"There is evidence in the past of far longer lives than our presently allotted span. Chapter 5 of Genesis records ages of the earlier generations on earth which are ten times or more than present ones. Adam is said to have lived for nine hundred and thirty years, his son Seth nine hundred and twelve, his grandson Enos nine hundred and five, while Methuselah, nine generations after Adam, lived to the ripe old age of nine hundred and sixty-nine years. These are all remarkably close together and so could be explained by a common biological feature which they transmitted till it later died out. But may they have known how to control time "from outside", so to say, this still later being lost for some reason? Of course we don't know and we may never know for certain......" [p.20]

This is a good example of John Taylor's flight into extra- terrestrial explanation for religious phenomena for which other quite earthly causal systems may exist. For instance, it is known that the earliest religious systems were associated with fertility and goddess symbols, closely linked to the moon with its 28 day period paralleled by the fertility or menstrual cycle. Now in pre-agricultural societies dependent on hunting and foraging the fertility, lunar or reproductive cycle would represent the fundamental time base. Thus the units within which ages are calculated (i.e. 'years') would be lunar months. If the ages of these early Genesis figures are treated in that way then we have no recourse to extra-terrestrial interventions, lost biological features or control of time-warp. So Adam's 930 lunar months is equivalent to 71.3 years. Seth at 912 lunar periods lived for 69.9 years, Enos for 69.4 years, while Methuselah's 969 lunar months represents 74.3 years. The average age of these patriarchs in solar as opposed to lunar time units comes to 71.2 years, which is fairly close to the three-score-years-and-ten of human life expectancy.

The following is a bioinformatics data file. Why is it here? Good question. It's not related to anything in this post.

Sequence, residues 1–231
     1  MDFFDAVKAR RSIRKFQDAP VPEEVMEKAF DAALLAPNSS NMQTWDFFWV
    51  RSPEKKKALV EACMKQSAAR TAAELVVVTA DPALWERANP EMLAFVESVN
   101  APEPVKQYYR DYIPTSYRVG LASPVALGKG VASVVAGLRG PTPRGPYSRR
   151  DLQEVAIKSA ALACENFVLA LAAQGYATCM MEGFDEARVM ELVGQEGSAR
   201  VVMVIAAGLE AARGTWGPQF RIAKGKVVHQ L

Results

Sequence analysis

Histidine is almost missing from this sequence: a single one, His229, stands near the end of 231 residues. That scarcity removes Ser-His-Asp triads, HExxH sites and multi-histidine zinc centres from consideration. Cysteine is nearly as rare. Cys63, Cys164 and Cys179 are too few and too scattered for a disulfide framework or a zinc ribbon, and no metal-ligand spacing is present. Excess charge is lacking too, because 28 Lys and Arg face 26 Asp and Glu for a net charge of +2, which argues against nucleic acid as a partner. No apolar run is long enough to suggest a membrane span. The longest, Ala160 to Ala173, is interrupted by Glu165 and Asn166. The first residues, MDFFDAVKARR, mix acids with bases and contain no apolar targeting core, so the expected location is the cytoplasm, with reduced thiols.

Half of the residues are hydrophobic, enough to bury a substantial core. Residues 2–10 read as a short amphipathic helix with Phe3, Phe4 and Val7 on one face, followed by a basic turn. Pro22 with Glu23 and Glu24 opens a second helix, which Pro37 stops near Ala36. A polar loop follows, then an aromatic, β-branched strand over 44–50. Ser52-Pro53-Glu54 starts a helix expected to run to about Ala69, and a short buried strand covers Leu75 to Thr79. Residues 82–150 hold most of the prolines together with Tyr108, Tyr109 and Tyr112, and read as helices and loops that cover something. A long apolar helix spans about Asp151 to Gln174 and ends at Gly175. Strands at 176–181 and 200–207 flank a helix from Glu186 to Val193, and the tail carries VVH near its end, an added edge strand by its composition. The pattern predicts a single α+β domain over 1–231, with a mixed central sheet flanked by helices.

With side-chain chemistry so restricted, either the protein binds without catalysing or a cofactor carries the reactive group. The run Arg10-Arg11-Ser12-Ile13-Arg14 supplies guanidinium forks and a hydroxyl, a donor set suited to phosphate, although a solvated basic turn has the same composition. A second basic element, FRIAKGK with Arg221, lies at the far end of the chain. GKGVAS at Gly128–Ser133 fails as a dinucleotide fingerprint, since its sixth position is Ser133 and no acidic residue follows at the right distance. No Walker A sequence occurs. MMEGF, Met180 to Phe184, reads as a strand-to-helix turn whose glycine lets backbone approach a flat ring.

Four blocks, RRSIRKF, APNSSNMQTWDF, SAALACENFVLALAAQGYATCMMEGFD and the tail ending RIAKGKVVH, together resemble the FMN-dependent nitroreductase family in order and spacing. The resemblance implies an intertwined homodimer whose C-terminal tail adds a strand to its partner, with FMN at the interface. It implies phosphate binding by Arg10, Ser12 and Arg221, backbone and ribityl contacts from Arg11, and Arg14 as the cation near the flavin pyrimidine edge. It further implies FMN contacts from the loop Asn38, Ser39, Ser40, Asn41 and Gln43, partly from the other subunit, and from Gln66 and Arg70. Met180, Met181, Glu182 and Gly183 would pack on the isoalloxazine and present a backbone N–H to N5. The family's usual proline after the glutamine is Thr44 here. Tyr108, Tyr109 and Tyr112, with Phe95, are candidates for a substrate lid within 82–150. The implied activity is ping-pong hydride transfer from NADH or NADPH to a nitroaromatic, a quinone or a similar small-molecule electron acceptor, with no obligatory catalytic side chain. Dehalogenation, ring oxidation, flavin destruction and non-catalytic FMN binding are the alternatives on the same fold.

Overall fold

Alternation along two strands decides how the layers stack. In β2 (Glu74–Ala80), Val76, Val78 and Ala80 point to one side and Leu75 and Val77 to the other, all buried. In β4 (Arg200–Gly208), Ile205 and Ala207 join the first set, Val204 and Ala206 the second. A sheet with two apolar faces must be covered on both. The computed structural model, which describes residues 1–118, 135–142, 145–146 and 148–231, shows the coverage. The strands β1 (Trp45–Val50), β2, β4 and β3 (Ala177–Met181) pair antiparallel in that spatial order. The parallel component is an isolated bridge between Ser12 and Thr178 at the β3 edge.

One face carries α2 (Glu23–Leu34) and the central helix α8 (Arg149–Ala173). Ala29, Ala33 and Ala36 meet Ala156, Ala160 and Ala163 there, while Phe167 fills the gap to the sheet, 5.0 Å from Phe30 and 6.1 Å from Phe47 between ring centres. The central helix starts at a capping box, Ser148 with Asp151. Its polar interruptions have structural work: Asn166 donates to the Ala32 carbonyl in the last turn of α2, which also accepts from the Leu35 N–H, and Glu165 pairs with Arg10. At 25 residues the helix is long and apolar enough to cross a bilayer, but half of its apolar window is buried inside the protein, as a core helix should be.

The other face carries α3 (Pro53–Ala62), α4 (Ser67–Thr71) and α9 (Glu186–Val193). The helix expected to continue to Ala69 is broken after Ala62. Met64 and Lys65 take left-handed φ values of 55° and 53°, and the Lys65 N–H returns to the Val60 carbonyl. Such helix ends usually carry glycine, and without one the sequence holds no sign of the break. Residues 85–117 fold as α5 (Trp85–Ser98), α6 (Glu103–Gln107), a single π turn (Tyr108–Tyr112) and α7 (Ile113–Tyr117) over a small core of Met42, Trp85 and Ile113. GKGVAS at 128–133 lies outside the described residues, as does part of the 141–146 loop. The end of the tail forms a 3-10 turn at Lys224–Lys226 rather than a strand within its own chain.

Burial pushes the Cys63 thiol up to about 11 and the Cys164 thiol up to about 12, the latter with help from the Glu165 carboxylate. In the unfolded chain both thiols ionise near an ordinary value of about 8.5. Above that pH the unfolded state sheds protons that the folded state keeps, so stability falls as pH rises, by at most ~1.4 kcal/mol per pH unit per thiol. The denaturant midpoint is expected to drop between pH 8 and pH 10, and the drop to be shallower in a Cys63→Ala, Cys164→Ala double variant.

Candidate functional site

Incidentally, as the culture shifts from the foraging and hunting mode to the agricultural mode the time base shifts from the fertility cycle to the harvest cycle which in some regions is annual (solar) and in some regions bi-annual with two harvests per solar unit. There is a second set of Genesis characters who exhibit longevity, albeit of a different order to the primal patriarchs. In this group ages of the order of 120 units appear, which if geared to a 2 harvest solar year, in which the agricultural cycle is taken as the unit, would represent solar ages of around 60 to 70 years. Again quite in keeping with the three-score-year-and-ten biological norm.

Significantly, the shift from the foraging and hunting phase to the settled agricultural phase is marked by the shift of deity from the moon to the sun and from female to male symbolism. This is also supported by some of John Taylor's comments, notably,